Israel election: Netanyahu rival Gantz ‘agrees emergency unity government’

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File photo shows election poster in Ramat Gan, Israel, featuring Benny Gantz (left) and Benjamin Netanyahu (right) (17 February 2020) AFPImage source, AFP
Image caption,
Benny Gantz (left) has been the main rival to Israeli leader Benjamin Netanyahu

Israeli Prime Minister Benjamin Netanyahu's main rival has reportedly agreed to join a unity government, ending a year of political deadlock.

Benny Gantz's surprise election as speaker of parliament on Thursday paved the way for the deal.

He will stay in the role until he is named foreign minister, Israeli media report, and will then take over the premiership in September 2021.

Mr Gantz had refused to serve under Mr Netanyahu because he is facing trial.

The Israeli leader was formally charged with bribery, fraud and breach of trust in January.

Mr Netanyahu’s Likud party won the most seats in this month’s general election - the third in less than a year - but more lawmakers recommended that Mr Gantz be given the mandate to form a government.

The rivals were subsequently urged to put politics aside to fight the new coronavirus pandemic, which has infected 2,600 people in Israel and claimed eight lives.

Benny Gantz’s Blue and White alliance was forged as the anti-Netanyahu party.

It pledged to never sit in a government with a prime minister facing criminal charges, as Mr Netanyahu does.

But on Thursday night, after a year-long political crisis and three elections, Mr Gantz’s bloc had fallen apart. Its hopes of forming a government gone and its pledge not to sit with Mr Netanyahu now shattered.

Mr Gantz, without a clear path to a coalition on his own terms and under pressure due to the coronavirus outbreak, nominated himself and was elected speaker of the Knesset. He gained the backing of a majority of MPs after pledging to join an “emergency” unity government.

The deal will reportedly see Mr Netanyahu remain as prime minister and Mr Gantz taking over late next year. In the meantime, the incumbent leader will have a corruption trial to face.

But in a moment of crisis, and despite deep polarisation over his leadership, this looks like a clear victory and another come-back from the brink for Israel’s longest serving prime minister.

At the start of Thursday, Blue and White appeared to be preparing to pass legislation that would have prevented an indicted criminal suspect such as Mr Netanyahu from forming a new government.

The speaker of the Knesset, Yuli Edelstein - an ally of Mr Netanyahu - resigned on Wednesday amid a dispute with the Supreme Court. Blue and White were expected to put forward a nominee from among its ranks, Meir Cohen, to replace him.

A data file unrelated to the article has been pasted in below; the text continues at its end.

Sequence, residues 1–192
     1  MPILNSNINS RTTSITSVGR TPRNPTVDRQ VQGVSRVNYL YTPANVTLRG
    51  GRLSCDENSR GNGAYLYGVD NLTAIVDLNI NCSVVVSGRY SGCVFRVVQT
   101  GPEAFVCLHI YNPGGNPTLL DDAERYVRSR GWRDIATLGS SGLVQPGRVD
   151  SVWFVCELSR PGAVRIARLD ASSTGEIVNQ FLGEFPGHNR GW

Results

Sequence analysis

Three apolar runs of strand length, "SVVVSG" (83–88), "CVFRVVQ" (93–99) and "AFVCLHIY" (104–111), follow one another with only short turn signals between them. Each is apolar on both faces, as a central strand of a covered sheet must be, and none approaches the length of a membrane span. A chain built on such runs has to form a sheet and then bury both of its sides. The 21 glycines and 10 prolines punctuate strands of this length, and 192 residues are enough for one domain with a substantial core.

But in a surprise move, reportedly after being warned by Likud that it would end talks on a unity government if Mr Cohen was elected, Mr Gantz put himself forward instead.

Image source, AFP
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People pray at the Western Wall in Jerusalem’s Old City amid the coronavirus pandemic

Before the election was held on Thursday evening, Mr Gantz was condemned by many lawmakers who had backed him for the premiership.

“This is a dark day,” said Nitzan Horowitz, leader of the left-wing Meretz party.

Yesh Atid and the Telem faction of former Defence Minister Moshe Yaalon, meanwhile, filed formal requests to break away from Mr Gantz’s faction in the Knesset. They will remain as one party under the name Blue and White.

Image source, Reuters
Image caption,
Blue and White party leader Benny Gantz (2nd L) with co-leaders Gaby Ashkenazi (L) Yair Lapid (2nd R) and Moshe Yaalon (R)

Mr Gantz defended himself in a speech after he was elected speaker with the support of Mr Netanyahu’s right-wing bloc, saying it was “the right thing to do at this time”.

"These are not normal times and they call for unusual decisions," he said. “Therefore... I intend to examine and advance in every way the establishment of an emergency national unity government.”

Mr Netanyahu had been due in court last week to face corruption charges in connection with three separate cases. But the hearing has now been postponed until at least 24 May because of the coronavirus outbreak.

The prime minister is alleged to have accepted gifts from wealthy businessmen and dispensed favours to try to get more positive press coverage. He has denied any wrongdoing.